“The system automatically detects betting patterns, and how much risk it should give to the monitor. How much they should allow this monitor to bet in order to maximise the return.  

“So this is also how artificial intelligence is getting on in the back office of the operator in order to help them to maximise it.” 

“…the punter wants to see fast clear content.”

Subsequently, João Sobreira, CEO and Co-Founder of Tipspace, switched the focus to that of content, and just how players can be offered a significantly heightened entertainment experience.

Lenoble jumped on the opportunity to elaborate, while illustrating his point with a very familiar, and much talked about, example in just how bettors could be in receipt of a truly personalised journey.

Netflix may be a very well trodden path in how the industry is aspiring to deliver a truly one to one offering, however, this is where the spotlight was shone once again.

“Let me give some examples, or maybe give a clear picture, of how AI is working. You all know Netflix, right? When you log in, you start seeing tailored content for you. So your content will be different from mine.

“Once you see a movie, they start recommending others. Well, sports betting is basically the same. Once you get registered and start seeing content, that is tailored for the region that you’re based.  

“Once you play the first bet, the system automatically starts recognising your trends, things you’d like to bet on, and starts recommending things that the system suggests that you’re going to like.”

He added: “This is showing the customer a very easy and fast way of showing attractive content that they might be interested in. This is generating great results, because, as mentioned, the punter wants to see fast clear content. This is how AI is working for us.”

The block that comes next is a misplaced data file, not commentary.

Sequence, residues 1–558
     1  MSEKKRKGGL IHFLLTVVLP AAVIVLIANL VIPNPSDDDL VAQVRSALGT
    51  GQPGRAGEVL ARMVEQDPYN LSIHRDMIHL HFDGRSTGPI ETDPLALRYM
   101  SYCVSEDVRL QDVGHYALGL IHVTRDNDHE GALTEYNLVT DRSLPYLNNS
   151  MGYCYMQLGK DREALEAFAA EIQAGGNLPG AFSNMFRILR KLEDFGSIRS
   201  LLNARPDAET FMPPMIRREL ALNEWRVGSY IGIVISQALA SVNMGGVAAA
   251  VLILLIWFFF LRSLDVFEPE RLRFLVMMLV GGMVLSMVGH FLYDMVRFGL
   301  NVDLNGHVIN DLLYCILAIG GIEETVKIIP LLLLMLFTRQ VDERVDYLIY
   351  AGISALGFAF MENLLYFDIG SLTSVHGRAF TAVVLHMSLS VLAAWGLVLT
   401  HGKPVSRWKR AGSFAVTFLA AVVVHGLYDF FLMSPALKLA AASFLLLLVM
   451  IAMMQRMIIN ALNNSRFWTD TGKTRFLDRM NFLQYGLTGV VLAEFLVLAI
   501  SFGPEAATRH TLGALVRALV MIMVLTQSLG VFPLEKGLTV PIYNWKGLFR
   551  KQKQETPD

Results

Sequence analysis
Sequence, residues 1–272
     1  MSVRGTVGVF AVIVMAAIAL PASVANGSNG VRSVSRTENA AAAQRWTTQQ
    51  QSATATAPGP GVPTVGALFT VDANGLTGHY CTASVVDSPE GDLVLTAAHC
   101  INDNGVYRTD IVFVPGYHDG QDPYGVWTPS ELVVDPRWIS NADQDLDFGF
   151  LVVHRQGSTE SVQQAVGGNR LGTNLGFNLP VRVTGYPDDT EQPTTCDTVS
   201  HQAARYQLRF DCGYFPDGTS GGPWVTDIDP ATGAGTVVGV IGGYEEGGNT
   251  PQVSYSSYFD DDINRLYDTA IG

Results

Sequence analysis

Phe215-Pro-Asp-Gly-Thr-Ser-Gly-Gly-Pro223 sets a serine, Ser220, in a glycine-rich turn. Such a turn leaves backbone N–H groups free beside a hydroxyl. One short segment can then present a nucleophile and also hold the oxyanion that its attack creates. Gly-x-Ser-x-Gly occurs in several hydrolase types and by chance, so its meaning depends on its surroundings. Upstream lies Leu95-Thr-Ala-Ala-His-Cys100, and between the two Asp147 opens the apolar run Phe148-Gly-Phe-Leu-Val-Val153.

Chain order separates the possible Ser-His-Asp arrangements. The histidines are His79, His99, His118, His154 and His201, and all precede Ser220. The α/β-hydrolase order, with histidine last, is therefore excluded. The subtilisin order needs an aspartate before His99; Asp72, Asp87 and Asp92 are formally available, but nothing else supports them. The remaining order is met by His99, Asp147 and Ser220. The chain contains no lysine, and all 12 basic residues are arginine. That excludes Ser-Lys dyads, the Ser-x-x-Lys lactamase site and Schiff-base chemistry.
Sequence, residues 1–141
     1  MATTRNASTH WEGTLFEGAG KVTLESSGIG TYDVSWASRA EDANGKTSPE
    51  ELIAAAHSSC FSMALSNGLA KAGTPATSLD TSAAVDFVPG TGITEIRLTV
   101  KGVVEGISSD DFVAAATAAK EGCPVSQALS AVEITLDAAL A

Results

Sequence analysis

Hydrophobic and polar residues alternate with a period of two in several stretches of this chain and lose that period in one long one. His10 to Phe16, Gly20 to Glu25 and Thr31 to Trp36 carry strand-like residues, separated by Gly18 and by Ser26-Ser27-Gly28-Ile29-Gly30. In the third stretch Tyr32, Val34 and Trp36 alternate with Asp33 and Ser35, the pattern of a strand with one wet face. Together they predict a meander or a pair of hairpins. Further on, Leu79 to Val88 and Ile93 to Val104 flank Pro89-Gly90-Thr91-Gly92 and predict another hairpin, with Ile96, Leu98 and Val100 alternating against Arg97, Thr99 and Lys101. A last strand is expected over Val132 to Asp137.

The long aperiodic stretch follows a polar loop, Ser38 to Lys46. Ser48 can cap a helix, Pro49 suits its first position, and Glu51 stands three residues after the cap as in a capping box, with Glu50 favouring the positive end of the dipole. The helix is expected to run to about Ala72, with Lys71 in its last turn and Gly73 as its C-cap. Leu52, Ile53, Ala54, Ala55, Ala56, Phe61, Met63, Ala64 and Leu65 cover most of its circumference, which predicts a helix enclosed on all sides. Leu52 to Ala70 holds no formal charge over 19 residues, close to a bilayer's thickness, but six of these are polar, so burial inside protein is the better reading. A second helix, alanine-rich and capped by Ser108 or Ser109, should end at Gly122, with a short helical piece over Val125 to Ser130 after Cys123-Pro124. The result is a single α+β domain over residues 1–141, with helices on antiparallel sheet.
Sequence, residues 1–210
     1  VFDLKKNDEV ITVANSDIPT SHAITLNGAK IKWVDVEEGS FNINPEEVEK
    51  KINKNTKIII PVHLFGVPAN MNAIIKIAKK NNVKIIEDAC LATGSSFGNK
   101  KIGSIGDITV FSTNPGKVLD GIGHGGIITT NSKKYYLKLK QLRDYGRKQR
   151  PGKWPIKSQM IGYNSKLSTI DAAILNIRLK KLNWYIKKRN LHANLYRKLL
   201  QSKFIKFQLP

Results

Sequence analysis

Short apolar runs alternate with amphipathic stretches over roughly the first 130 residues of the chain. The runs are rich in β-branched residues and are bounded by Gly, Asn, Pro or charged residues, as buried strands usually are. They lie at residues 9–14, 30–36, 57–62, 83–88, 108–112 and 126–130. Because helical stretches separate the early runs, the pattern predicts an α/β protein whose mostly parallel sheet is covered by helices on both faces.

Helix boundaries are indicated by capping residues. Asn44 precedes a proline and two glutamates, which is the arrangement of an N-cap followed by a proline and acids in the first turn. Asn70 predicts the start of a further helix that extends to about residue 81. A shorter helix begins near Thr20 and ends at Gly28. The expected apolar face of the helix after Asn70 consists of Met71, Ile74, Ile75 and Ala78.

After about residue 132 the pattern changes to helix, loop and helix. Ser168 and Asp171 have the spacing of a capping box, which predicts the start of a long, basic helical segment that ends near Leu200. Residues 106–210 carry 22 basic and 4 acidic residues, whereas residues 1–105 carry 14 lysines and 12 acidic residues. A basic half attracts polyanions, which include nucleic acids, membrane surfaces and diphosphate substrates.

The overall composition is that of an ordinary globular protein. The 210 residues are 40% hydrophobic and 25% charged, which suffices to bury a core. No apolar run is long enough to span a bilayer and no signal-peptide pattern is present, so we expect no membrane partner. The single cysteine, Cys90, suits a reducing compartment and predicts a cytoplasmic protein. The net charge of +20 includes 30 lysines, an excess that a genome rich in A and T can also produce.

With all of this being said, just what does the future hold for sportsbooks when it comes to constant evolution in technological solutions?

For Kearns, the answer lies in autonomy. “How autonomous that gets is another thing, because, you know, sports betting and igaming is a highly regulated market,” he commented. 

“…there’s room for different ways for people to find entertainment”

“So making it fully autonomous, which everyone would love to have a fully autonomous sportsbook, but if you don’t have the right checks and balances within that, it could go really, really wrong very quickly.

“We work in the banking sector as well, [and] you get a slap on the wrist and a fine. In sports betting and gaming, you get your license taken off you very quickly. So, I think the trajectory is to make things more autonomous. But how far that will go, who knows.”

Concluding his own participation, Llanos chose to adopt an optimistic outlook when looking at how players could potentially react to such a shifting landscape.

“Let’s keep in mind we are in the entertainment business,” he said. “That’s what we do. We entertain people. That’s it. That, that’s the core. How they decide to entertain themselves with the exchange or traditional way of sports betting.

“I don’t think that there’s one that is better than the other one. It’s just different ways of doing it. And if a company is ready to provide their customers with different ways of entertaining, then that’s fine. 

“The customers will define which one they like. I don’t really know if there’s one going to establish itself over the other one.

“I think there’s room for all, and there’s room for different ways for people to find entertainment even within the sport.”